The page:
You hit the nail on the head as to the structural problem that very well could reinforce cycles of poverty.  I couldn’t have articulated it better myself.  

      Personally, the conclusion at which I have arrived is that the only sustainable, long-term solution is work in early childhood education, like Jeffrey Canada is doing with Harlem Children Zone.  If you start trying to rectify the disparity by junior high or high school, it is often too late because the students lack the basic tools to function (e.g., reading speed and comprehension, which are necessary to synthesize information on more complex topics, quickly).  

      Yes, I think circumstances should definitely play a role in admissions depending upon the degree program.  For most fields, someone who has a B+ average with a 28 on the ACT but is also the captain of the debate team, student body president, owns a summer pool cleaning business, volunteers at a soup kitchen, and speaks fluent Italian is better leadership material than someone with a 31 score on the ACT and an A average but none of those other achievements.  So, yeah, I definitely think it is broader than standardized tests.  But I think the college admissions panel should have the age, race, and gender of the applicants redacted so the process is based solely on merit, as subjective as that must necessarily be.  To help guarantee fairness in the the process, applications should only have a random number assigned to remove all bias (e.g., certain studies have shown that “black sounding” names result in fewer job offers due to subconscious prejudice; unfair disadvantages such as that would be fixed in a blind admissions setup).  

      The exception would be areas such as medical school.  There, it’s all about book knowledge, information grasp, and test taking ability because you need someone who can recall some esoteric side effect in the middle of an emergency to save lives.  In that line of work, it would be test scores, grades, and more test scores.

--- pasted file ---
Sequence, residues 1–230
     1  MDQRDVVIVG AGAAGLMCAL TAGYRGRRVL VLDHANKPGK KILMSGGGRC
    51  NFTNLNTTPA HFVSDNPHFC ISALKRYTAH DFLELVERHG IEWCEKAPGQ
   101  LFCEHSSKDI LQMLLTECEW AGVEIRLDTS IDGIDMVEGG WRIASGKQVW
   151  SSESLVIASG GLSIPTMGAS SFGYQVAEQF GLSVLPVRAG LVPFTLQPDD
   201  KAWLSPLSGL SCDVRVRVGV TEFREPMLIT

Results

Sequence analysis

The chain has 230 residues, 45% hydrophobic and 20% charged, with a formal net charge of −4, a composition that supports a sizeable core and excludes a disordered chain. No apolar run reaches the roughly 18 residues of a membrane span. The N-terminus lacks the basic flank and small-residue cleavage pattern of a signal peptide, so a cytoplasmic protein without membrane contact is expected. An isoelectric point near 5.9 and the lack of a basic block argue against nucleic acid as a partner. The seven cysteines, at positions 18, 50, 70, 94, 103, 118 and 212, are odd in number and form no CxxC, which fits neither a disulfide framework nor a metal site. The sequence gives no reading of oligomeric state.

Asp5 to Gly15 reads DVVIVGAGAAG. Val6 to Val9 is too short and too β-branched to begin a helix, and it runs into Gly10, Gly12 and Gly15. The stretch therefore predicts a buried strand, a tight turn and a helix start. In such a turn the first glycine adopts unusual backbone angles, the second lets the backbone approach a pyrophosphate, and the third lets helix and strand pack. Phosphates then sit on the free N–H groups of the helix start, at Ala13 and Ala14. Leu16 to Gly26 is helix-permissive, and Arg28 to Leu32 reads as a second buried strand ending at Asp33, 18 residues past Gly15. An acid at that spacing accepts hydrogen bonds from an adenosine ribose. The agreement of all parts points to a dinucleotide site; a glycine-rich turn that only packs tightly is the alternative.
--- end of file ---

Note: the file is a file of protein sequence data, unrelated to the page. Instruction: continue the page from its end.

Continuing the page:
• FratMan

        I agree with just about everything you just said. One thing I’m curious to hear more about your thoughts is this line: “But I think the college admissions panel should have the age, race, and gender of the applicants redacted so the process is based solely on merit, as subjective as that must necessarily be.”
        It reminds me of something my dad said about that–“Why even ask for a person’s race on the application unless you’re going to use that information to discriminate against somebody in one form or another?” So I completely agree with you there. And I like the random number assignment instead of names idea.

        But isn’t it reasonable for a school to want some form of gender parity? At the university I’m about to graduate from, it’s about 50% male, 50% female. The Dean’s Office released a statement a few years back mentioning that if the school were truly meritorious, it would be about 75% female. Personally, I wouldn’t mind that ;) 

        Anyway, the school makes the argument on logistical grounds, claiming they only have so many female dorms, so they have to maintain gender parity due to the set-up of the campus. But I hate arguments like that–I don’t want policies that are the result of logistics; I want policies that are the result of philosophy. My bottom-line question for you would be this: Wouldn’t a school suck if it were 85% male, or 90% female, or whatever? I feel like that would take a sledgehammer to general student body happiness and satisfaction, but I’m curious to hear your thoughts. 

        • Joshua Kennon

          That is a tough one. A really tough one. On one hand, merit should rule, even if that means you have a school that is 95% female. On the other hand, the entire experience is going to be poor preparation for the real world if you aren’t used to dealing with, and learning to adapt to the specific emotional and cultural needs, of the opposite gender in an age of equal opportunity.

          I do think part of the problem comes down to genetic level differences between the genders. Throughout 99.99% of human history, the moment men hit puberty, they were separated off from the girls, became an adult, spent their time in the company of other men building, hunting, and providing, and took on the mantle of responsibility to protect and provide for not only their own wife, but the tribe or group as a whole. The idea that, at 21 or 22, a male should still be sitting in a little desk in a university listening to a lecture, single (not married), a virgin, not working full-time is fundamentally incompatible with how men evolved.

          In other words:

          1. If we know that there is not raw IQ difference between men and women,
          2. We know that women tend to perform better in schools
          3. Our underlying presumption is that schools are responsible for success later in life,